By: Nathaniel Ribner  | 

Just in Time for Sefira: The Return of the Y-Studs

It’s that time of year again, the Omer (between Pesach and Shavuot), when we take a hiatus from our usual playlists and break out the ol’ A Cappella music. From the groups who started it all, such as The Chevra and A.K.A. Pella, to the more recent artists, such as Six13 and Shir Soul, our iPhones and computers have been playing the same material into our thirsty eardrums for years. Sure, there’s the occasional holiday parody that we’ll send as a holiday card to our cousins in the Midwest, or share on our friend’s Facebook wall, but our community needs a spark. We need something new… something that’s been missing in recent years. We need some premium Y-Studs A Cappella music.

After a long, long wait, the Y-Studs are back to answer that call. To catch you up, the Y-Studs were established in 2010 and quickly emerged onto the A Cappella scene with chips on their shoulders, having been perceived as “that other guys’ group at YU.” With their powerful soloists and diverse song choices, the ‘Studs proved many haters wrong. After two years of hard work, the Y-Studs released their first album, Take Me Home, in 2012. The compilation received critical acclaim, and even featured two songs that were selected to the BOJAC (Best of Jewish A Cappella) CD. “Ahavat Yisrael,” better known as “Baneshama,” was played at numerous summer camps, and gave a silky-smooth taste to lovers of Israeli music. Their controversial reggae-inspired rendition of “Bilvavi,” a beloved ‘slow-shira song,’ was ranked number two overall of BOJAC submissions, and showed that A Cappella groups can pursue different feels for songs rather than simply adapting the sounds of each original piece.

After inspiring many, however, the Y-Studs ran into a problem that so many college groups face today. Many of the group members graduated and subsequently left the group, making a rebuilding year or two imminent. Although the group found a lot of talent at YU, it was difficult to maintain popularity and work their way back up to high musical performance levels without their motivated founders. But the boys finally regained the attention of the public eye at last year’s Yom HaShoah and Yom HaZikaron/Yom HaAtzmaut ceremonies at Lamport Auditorium at YU. Displaying a completely new cast of ‘studs’ led by Musical Director Nathaniel Ribner and President Jason Katz, the Y-Studs put forth performances that raised eyebrows. They were also featured at a Northern Ontario Pesach program. Those performances signified the filled-with-potential second generation of the talented bunch. Which leads us to the Y-Studs today, a time when the group is gaining international recognition and performing from coast to coast—a new era that the group is calling the “Days of New.”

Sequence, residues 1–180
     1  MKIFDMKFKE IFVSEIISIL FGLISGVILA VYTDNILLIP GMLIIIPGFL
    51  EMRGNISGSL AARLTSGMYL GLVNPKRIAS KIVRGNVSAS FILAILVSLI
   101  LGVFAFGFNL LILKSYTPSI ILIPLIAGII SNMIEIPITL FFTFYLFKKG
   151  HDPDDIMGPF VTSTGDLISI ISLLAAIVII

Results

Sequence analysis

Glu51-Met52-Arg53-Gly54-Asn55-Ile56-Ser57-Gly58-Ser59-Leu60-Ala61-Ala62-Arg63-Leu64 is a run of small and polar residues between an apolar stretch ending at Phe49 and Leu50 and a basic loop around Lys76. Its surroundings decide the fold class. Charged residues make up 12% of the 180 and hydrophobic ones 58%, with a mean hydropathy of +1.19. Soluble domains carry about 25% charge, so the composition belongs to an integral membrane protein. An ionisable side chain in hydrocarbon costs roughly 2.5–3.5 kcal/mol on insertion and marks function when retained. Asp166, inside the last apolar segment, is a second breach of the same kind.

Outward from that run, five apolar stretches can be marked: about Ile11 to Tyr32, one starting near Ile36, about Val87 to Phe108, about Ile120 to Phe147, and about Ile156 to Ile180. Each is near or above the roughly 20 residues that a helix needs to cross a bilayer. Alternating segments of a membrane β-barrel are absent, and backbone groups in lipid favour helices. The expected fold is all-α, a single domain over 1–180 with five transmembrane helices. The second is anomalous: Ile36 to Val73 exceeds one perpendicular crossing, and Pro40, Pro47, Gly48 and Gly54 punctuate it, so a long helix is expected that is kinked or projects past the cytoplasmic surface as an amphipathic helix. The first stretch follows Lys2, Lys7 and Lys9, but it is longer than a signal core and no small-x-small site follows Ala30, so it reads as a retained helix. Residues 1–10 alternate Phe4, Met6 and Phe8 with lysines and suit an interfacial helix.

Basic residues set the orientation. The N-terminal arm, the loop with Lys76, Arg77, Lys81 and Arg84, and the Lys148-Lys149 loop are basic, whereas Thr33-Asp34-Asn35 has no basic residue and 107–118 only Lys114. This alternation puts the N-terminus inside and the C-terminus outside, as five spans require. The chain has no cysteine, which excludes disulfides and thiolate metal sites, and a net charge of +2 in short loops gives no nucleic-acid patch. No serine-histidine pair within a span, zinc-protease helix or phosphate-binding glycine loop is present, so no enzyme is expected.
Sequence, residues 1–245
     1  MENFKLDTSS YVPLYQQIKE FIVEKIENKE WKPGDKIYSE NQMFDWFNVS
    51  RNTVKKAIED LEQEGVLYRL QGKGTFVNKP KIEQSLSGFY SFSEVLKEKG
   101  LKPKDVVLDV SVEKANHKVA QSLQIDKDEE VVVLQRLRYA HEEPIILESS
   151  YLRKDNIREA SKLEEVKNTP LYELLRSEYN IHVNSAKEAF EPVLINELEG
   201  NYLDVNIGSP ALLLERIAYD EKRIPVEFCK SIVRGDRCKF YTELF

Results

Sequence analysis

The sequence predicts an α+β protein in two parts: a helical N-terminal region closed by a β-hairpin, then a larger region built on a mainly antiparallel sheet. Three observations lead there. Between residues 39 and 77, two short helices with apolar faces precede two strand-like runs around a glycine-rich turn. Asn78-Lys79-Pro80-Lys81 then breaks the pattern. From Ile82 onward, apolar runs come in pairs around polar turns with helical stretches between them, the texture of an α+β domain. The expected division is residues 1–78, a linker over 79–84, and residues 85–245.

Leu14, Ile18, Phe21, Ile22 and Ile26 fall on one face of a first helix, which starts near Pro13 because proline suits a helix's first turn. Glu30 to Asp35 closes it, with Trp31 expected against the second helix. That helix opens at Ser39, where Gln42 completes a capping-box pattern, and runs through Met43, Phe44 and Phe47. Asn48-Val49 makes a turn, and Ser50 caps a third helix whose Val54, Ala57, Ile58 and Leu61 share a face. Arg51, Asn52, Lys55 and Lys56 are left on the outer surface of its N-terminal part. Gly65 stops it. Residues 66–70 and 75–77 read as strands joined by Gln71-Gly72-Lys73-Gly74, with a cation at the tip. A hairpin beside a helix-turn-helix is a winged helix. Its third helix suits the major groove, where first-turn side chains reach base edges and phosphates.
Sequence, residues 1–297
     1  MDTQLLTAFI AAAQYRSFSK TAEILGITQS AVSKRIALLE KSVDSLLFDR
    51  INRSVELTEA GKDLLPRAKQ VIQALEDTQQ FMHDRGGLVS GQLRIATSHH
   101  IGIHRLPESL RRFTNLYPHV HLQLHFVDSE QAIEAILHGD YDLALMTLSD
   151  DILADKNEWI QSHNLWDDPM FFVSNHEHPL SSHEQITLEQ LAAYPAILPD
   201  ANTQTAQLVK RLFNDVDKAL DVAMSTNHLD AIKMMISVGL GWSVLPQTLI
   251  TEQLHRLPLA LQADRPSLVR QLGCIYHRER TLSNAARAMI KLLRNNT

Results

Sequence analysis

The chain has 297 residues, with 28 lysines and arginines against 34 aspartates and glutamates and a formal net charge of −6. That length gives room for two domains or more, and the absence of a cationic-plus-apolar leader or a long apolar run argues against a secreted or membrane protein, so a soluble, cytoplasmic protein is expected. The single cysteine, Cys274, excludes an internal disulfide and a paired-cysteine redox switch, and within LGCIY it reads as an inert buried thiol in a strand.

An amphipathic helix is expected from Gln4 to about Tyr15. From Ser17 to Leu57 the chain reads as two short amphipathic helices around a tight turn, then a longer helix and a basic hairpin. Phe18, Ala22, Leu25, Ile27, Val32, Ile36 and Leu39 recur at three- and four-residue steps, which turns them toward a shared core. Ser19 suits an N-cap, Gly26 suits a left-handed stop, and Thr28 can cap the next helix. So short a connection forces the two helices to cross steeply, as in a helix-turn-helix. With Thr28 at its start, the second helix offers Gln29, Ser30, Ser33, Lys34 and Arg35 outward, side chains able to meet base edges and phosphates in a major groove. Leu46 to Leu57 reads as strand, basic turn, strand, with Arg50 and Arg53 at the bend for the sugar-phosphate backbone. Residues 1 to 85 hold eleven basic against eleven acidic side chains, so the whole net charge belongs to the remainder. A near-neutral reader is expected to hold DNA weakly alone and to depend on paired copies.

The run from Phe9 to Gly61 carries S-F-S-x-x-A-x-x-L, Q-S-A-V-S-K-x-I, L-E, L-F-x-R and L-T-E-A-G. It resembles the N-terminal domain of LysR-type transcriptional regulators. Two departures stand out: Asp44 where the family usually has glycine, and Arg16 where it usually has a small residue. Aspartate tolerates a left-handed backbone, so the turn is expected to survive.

On Chol HaMoed Pesach, the Y-Studs gave us a heavily anticipated gift of new, quality all-male college A Cappella music in the form of an EP (extended play). The EP features hits like Avicii’s “The Days” as well as Gad Elbaz’s ever-popular “Hashem Melech.” The Y-Studs have more surprises on this gem of an album, but you’ll have to pick it up on iTunes, Amazon, Spotify, etc. to hear what we mean.

They sang beautifully at this year's Yom HaShoah “I Am Never Again” program, and are sure to rock out at this week's Yom HaZikaron/Yom HaAtzmaut.

Stay tuned for news about a concert promoting the new EP by liking them on Facebook and following their YouTube channel. You won’t want to miss it. The new age of the Y-Studs has begun. Get ready for a wild ride.